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Movement Without External Forces

Movement Without External Forces

Movement Without External Forces

Hello, I am making a model that consists of 3D deformable "beams" (not beam elements) that are held together by strain energy. By the end of the simulation, the goal is to get the final stressed state of the assembly shown below.

This is done in multiple steps. First, all beams are fixed in place through a boundary condition, and surface contact is defined between the beams and the "ground", which is modeled as an analytical rigid body. Next, surface contact is defined between the surfaces of the beams, and the boundary conditions that fix the beams are released to achieve the final stressed state. In this step, the beams are only held together by surface contact with pressure overclosure and friction, while they are in no way tied to the floor. The problem is, the beam assembly moves in space at an increasing speed as if there was some external force acting on it, which eventually causes the simulation to abort.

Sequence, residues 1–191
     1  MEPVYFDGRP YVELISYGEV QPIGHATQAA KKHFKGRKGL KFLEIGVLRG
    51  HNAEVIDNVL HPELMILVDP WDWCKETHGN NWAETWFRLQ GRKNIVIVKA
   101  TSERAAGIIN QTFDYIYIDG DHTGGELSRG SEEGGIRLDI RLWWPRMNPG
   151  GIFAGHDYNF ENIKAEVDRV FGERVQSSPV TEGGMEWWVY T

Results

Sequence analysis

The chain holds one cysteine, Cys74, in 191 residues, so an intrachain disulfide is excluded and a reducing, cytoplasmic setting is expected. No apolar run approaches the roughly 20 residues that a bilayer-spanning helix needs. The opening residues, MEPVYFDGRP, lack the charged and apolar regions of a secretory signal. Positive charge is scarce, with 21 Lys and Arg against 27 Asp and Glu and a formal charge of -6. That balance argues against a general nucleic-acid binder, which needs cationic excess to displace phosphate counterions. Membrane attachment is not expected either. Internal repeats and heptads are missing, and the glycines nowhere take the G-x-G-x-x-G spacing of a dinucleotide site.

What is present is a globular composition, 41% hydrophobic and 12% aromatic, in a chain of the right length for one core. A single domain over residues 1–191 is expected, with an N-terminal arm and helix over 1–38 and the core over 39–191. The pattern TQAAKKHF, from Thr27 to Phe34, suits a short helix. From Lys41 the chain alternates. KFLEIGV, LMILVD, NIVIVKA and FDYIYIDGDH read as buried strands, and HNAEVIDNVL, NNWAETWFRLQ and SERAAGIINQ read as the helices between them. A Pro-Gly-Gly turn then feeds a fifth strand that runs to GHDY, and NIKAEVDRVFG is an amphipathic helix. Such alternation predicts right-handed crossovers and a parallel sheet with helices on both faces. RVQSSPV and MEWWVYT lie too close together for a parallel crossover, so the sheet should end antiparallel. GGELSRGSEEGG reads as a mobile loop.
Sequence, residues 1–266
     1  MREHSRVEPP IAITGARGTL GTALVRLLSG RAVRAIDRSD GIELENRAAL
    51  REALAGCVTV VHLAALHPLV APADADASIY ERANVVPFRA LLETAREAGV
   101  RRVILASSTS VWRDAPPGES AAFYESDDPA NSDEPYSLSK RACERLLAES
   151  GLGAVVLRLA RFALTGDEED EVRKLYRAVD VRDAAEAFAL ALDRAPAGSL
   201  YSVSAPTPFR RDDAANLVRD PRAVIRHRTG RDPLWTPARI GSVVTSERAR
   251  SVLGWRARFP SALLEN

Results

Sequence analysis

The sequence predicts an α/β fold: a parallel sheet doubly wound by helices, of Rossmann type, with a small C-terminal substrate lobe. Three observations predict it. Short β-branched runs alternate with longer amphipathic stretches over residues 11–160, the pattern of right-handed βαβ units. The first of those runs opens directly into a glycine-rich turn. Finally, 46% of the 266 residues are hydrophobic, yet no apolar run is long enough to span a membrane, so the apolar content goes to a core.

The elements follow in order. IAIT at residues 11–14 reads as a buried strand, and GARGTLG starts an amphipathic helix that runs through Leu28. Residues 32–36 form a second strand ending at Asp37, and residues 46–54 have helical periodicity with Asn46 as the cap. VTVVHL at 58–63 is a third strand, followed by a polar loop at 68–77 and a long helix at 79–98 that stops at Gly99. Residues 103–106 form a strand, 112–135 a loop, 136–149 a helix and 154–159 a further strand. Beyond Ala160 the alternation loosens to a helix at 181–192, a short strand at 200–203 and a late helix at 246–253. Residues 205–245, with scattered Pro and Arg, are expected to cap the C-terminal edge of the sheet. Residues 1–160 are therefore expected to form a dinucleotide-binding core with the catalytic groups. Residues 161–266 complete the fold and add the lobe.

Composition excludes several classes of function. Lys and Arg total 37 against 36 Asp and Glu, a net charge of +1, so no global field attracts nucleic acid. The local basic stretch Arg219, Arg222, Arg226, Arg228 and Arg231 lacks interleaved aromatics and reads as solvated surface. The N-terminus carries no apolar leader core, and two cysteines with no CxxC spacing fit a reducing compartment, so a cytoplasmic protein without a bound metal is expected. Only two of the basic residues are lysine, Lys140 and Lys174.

I do not understand why this occurs, since no loads or external boundary conditions are defined, and all forces between the beams should be equal and opposite. I have tried fixing a single beam or node in space while this happens, but this just reduces the reliability of the simulation further since the assembly is still trying to move as it is fixed. So my question is, if anyone has encountered this before, what could possibly be causing the beam assembly to move without an external load, and how can I prevent this to complete the simulation?

RE: Movement Without External Forces

Make sure there is no initial velocity or prescribed displacement/velocity boundary condition left in this step. But probably the reason is in beams-floor contact definition. Examine it carefully, increase friction, maybe use general contact instead of contact pairs. Check contact status variables (COPEN, CPRESS, CSLIP, CSTATUS). Also try using inertia relief instead of modeling the floor.

Is the floor fully fixed at its reference point ? If not, it should be.

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